Binghamton University Gets Over Hazing

on August 31, 2012

It was six months ago that Greek life at Binghamton University ended with the finality of a Roman boot in the face. The reason? A large number of complaints from students who were the subject of brutal hazing rituals at fraternities and sororities.

Hazing is the bit when freshman who want to join a fraternity or sorority are subjective to painful and humiliating initiation rituals by the older members. These practices range in savagery from college to college but it was widely agreed that the hazing at Binghamton was beyond the pale and things needed to change.

Step in students of the Panhellenic Council. That’s right, the charge to change is not being lead by faculty but the students themselves. I’m not comparing it to the civil rights movement but all across the land harassed freshman are beginning to wake up to a reality that one day they will be able to retire to bed without sore asses.

“We all care so much that, to find out that all this just blew up and all of our chapters were put in limbo, and we were on the news for these horrible things, it was literally, heartbreaking” said Samantha Vulpis, president of the Panhellenic Council.

Action News reported on the story last spring. There report contained tails to you’re your toes. Among some of the most disturbing were girls putting freshman in “ice tombs”, pouring hard liquor down their throats while shouting abuse at them.

Traumatised pledges started turning up at police stations and counselors offices shivering and suffering from alcohol poisoning. But fraternity and sorority heads are organization action to stop the abuse.

“Real change is going to have to come from the students themselves,” said BU Vice President of Student Affairs Brian Rose. “It’s not something that can be directed from the top down. We’re going to need to engage them, we’re going to need to try and cultivate in them a sense of values around a positive Greek experience, from top to bottom.”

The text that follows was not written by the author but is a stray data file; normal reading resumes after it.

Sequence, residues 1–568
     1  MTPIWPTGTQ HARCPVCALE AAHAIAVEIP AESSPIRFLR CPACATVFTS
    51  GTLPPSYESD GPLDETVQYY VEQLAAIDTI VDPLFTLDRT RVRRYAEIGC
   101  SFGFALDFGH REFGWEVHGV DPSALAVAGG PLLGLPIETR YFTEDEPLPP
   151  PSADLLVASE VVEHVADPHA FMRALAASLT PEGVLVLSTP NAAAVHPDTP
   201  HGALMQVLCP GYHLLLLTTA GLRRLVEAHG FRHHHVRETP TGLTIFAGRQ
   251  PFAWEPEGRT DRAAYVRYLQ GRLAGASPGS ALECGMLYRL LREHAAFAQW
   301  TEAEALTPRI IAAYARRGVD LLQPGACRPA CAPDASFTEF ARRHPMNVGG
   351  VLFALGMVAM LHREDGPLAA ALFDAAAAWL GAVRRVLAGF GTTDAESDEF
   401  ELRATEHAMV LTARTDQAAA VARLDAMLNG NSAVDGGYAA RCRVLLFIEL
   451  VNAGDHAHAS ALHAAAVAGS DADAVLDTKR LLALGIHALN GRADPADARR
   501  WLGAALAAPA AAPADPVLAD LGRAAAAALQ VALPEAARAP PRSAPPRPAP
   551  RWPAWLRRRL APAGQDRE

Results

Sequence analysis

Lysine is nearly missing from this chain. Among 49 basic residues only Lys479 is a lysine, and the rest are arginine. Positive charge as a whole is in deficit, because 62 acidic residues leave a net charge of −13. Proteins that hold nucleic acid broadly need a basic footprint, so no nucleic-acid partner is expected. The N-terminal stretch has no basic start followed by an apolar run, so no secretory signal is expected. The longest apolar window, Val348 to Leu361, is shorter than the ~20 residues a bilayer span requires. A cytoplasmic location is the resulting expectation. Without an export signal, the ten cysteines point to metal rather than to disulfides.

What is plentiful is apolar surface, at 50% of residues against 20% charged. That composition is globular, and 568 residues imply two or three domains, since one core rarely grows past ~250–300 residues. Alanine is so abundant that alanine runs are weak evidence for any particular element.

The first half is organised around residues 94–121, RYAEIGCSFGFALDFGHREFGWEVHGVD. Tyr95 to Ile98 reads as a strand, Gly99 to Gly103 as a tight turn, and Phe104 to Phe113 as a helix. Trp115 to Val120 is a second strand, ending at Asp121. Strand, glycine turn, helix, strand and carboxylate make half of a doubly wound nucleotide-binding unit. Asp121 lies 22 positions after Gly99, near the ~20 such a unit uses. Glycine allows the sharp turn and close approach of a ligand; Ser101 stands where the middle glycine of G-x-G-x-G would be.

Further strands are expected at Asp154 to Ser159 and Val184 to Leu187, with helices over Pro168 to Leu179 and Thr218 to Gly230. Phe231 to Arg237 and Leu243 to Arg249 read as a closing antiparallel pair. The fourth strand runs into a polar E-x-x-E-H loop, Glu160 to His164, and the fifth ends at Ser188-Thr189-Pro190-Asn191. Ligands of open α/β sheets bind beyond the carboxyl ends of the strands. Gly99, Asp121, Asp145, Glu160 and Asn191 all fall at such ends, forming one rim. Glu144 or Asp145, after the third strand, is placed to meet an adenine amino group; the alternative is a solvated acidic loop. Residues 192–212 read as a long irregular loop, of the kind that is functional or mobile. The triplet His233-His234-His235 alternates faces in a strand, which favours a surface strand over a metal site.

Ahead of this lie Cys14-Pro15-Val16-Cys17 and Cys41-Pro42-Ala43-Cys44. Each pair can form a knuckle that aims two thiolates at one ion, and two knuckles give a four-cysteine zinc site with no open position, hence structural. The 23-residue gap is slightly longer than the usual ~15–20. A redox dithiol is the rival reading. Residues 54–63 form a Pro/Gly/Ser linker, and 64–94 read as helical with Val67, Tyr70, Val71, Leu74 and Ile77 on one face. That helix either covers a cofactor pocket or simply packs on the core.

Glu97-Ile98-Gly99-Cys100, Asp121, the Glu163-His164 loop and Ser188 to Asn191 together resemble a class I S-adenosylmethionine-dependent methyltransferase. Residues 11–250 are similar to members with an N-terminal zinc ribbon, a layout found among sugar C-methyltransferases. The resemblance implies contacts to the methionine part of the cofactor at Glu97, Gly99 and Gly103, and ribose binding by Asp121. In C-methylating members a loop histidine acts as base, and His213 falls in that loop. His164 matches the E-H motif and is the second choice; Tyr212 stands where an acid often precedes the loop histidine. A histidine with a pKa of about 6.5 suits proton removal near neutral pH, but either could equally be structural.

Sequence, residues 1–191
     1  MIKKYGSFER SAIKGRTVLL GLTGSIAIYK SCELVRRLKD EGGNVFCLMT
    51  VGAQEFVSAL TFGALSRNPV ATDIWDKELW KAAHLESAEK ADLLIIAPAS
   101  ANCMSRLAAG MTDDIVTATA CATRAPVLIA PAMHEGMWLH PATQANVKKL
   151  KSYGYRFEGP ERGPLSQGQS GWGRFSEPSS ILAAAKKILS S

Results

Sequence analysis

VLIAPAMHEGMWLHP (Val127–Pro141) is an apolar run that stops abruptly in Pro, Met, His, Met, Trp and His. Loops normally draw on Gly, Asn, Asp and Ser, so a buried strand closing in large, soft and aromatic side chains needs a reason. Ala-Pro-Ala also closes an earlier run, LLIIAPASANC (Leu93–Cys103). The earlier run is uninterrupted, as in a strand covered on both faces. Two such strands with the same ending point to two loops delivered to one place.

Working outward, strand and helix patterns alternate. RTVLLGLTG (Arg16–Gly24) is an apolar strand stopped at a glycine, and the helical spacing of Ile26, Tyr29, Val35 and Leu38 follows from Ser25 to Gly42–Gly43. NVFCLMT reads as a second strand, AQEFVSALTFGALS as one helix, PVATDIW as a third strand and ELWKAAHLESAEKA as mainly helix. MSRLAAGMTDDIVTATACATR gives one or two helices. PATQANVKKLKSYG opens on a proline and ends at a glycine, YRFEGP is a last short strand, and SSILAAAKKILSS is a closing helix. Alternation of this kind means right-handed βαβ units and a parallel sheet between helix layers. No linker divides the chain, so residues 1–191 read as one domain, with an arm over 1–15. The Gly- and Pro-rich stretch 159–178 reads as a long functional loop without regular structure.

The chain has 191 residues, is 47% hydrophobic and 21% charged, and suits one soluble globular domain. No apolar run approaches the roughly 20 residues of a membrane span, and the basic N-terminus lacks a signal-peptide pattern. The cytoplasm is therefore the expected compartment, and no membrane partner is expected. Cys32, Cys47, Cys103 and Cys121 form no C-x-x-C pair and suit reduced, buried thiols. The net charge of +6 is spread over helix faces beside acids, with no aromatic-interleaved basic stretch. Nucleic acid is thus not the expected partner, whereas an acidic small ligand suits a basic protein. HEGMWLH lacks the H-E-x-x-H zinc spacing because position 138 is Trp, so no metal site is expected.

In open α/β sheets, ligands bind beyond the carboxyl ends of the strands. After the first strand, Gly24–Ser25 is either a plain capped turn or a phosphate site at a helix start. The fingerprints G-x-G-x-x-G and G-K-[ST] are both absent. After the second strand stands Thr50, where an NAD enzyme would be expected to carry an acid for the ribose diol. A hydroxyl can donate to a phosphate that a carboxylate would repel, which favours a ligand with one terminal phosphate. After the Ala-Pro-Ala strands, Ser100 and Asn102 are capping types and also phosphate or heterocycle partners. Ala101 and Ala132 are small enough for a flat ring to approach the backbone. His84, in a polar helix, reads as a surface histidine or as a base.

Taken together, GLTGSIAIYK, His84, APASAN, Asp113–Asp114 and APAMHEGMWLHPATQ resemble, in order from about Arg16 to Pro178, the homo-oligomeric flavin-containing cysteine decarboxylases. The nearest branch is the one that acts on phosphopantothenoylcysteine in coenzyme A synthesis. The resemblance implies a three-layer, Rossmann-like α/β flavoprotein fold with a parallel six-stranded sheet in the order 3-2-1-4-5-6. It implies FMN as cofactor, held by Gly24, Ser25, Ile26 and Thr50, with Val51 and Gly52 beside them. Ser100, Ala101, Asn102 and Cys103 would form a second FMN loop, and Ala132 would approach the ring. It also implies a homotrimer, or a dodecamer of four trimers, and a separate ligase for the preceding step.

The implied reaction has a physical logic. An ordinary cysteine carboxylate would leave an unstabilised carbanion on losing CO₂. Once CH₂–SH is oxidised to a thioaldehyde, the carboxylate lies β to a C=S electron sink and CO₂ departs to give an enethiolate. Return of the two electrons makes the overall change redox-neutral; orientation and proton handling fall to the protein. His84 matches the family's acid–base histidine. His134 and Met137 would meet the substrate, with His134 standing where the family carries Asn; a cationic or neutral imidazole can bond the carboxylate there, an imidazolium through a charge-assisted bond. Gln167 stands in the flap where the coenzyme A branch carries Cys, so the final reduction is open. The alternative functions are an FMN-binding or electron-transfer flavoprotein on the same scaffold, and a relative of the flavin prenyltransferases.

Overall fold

“These are student-developed programs, student-initiated programs,” added Thompson. “The students are taking ownership for their own organizations. We’re looking for them for internal accountability procedures.”

“If we can build up some trust among everybody and everyone wants to listen to each other and the school, the Greek community is going to be what it should be,” said Stein, President of the Interfratrenity Council. “And that’s a respectable community of upstanding, smart people that work hard to uphold their traditions and their grades and their friends throughout college and hopefully, later on in life.” (source: action news)

These kind of rituals are thousands of years old and probably have their basis in coming of age rituals practiced by tribal ancestors. Back then, it was mostly about toughing up the new tribe member but nowadays, the ability to drink loads of booze and not cry when people are abusing you is a negligible asset at best.



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